South Africa May Join the Vanguard of Developing Markets
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The uniting of Brazil, Russia, India, and China under the acronym BRIC constitutes an acknowledgment of the significant role that developing economies are likely to play in future global growth and investment opportunities. BRIC encapsulates the importance of the three largest developing countries (Brazil, India, China) and stresses the notability of economic transitions in formerly socialist countries such as Russia. But as interest in BRIC has heated up, Africa—traditionally a central topic in economic development work—has been conspicuous by its absence. In many ways, however, the nation of South Africa can be thought of as the African BRIC: all in all, it’s just another BRIC in the emerging market wall.
South Africa is Africa’s single largest economy and fourth most populous country. Its economy in 2008 was larger than the next two largest economies (Nigeria and Angola) combined. The per capita GDP (gross domestic product) of about $10,000 in 2008 (see Table 1) is the third highest in sub-Saharan Africa, following Equatorial Guinea and Botswana. South Africa’s technological and industrial base is one of the most sophisticated on the continent, and it has an enviable road and transport system.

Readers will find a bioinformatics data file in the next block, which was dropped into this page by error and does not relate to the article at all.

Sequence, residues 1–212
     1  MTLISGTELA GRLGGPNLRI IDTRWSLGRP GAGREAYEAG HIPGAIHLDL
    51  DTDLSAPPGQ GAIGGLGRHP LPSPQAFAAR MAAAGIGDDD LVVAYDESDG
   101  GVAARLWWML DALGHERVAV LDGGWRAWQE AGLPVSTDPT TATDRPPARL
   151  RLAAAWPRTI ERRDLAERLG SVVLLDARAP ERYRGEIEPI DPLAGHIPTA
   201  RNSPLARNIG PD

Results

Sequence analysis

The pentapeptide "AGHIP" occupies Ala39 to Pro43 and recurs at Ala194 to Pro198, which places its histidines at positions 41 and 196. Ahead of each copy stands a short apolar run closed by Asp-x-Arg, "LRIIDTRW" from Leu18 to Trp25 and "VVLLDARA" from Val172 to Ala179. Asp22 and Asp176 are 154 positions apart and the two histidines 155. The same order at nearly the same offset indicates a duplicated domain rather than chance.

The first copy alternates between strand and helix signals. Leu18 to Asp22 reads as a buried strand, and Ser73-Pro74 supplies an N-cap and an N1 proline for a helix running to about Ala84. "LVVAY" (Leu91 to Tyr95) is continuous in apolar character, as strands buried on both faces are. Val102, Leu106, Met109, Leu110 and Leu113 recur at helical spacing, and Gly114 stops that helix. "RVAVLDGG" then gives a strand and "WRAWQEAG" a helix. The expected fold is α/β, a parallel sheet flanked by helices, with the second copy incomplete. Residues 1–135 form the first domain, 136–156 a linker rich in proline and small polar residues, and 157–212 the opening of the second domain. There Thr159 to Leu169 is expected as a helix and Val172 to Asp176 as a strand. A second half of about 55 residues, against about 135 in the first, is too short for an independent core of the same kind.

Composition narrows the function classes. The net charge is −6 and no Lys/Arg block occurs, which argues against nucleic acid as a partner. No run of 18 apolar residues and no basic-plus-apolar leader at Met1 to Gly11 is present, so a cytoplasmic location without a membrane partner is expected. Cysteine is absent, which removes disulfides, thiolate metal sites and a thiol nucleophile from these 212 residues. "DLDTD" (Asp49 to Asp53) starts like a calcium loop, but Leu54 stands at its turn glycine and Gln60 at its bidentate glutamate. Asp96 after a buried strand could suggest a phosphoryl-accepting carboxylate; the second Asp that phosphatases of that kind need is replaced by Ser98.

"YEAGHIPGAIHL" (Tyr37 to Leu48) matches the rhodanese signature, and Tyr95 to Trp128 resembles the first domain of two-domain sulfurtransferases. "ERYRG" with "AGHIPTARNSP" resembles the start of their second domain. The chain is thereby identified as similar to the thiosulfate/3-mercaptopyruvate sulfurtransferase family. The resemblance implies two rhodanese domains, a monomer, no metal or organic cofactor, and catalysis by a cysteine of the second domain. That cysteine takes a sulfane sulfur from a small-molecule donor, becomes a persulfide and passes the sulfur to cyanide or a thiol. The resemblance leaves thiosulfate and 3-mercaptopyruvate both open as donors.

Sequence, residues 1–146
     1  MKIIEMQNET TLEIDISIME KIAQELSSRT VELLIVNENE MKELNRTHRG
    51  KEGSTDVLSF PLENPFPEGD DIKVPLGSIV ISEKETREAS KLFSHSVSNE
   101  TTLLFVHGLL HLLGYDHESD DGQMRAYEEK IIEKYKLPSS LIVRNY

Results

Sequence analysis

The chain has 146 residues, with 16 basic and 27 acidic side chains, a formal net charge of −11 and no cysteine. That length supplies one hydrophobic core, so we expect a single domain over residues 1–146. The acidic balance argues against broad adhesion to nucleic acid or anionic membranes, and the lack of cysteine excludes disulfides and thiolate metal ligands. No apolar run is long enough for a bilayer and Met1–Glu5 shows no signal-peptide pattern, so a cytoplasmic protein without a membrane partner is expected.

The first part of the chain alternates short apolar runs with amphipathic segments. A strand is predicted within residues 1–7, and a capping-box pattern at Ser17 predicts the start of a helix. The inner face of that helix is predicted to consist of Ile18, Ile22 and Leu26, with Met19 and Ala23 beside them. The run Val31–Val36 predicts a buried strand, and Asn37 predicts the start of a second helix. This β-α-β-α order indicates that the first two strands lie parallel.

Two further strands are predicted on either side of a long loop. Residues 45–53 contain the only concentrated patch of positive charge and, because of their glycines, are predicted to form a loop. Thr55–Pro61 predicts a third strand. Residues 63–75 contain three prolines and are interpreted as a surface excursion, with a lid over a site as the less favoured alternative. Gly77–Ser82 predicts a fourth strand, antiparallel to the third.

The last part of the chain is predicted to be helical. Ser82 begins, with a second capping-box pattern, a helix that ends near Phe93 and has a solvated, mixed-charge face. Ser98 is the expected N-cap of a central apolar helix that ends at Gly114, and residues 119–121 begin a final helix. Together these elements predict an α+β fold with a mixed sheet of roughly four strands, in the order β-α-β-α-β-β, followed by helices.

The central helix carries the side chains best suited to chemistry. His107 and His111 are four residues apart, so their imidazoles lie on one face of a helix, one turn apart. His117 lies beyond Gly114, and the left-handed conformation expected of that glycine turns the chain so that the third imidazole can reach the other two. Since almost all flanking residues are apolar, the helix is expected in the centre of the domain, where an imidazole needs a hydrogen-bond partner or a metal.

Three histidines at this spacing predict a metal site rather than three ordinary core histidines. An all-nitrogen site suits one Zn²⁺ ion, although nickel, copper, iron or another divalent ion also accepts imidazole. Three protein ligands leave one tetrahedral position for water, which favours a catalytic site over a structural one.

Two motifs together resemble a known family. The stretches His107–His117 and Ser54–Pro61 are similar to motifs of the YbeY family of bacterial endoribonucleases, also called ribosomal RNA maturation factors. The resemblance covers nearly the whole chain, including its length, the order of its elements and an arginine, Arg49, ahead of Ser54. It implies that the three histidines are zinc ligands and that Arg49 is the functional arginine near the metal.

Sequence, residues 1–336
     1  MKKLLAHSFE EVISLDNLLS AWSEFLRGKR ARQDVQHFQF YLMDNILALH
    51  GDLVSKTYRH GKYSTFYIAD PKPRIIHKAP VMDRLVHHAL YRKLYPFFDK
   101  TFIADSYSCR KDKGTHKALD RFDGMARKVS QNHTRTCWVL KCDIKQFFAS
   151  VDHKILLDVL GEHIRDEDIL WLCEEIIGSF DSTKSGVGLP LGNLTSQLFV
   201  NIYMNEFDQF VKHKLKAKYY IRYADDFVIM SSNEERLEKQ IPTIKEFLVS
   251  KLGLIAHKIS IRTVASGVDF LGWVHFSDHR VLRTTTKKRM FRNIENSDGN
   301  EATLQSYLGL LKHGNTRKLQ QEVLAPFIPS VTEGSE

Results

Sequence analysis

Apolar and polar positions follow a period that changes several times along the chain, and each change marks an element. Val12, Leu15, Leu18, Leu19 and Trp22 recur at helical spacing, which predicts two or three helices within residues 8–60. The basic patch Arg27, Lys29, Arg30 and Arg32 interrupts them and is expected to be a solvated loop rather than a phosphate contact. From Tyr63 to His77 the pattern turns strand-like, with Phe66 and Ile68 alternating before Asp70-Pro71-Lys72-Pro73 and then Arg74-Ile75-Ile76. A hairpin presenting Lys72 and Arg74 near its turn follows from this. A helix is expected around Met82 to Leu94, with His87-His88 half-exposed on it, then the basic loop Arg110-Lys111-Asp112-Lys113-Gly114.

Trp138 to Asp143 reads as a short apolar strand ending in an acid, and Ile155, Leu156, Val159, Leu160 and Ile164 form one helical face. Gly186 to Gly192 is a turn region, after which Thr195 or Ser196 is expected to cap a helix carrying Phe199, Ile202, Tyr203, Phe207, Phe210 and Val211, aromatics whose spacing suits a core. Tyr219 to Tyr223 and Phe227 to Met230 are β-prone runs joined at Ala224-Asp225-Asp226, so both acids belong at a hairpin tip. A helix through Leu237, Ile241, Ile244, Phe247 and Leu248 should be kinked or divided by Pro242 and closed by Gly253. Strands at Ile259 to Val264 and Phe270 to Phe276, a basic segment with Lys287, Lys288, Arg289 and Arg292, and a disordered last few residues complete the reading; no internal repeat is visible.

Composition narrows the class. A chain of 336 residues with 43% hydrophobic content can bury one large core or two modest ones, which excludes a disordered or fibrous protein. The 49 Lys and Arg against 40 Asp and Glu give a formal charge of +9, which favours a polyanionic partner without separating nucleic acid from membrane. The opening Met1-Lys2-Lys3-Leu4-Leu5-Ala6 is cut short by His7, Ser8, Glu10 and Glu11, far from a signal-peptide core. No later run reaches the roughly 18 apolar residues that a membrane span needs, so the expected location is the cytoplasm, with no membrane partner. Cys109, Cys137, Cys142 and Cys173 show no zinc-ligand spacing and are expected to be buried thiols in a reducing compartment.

Table 1: Comparative National Statistics, South Africa versus BRICs, Nigeria, and the US
Sources: population, age, education, GDP, and GDP/capita estimates from the CIA World Factbook, May 18, 2009; corruption data from Transparency International’s 2008 Corruption Perceptions Index, May 18, 2009; economic freedom scores from the Heritage Foundation’s 2009 Index of Economic Freedom, May 19, 2009.
There is serious inequity in the distribution of economic benefits. However, the government’s Black Economic Empowerment program has begun to address some of these inequalities.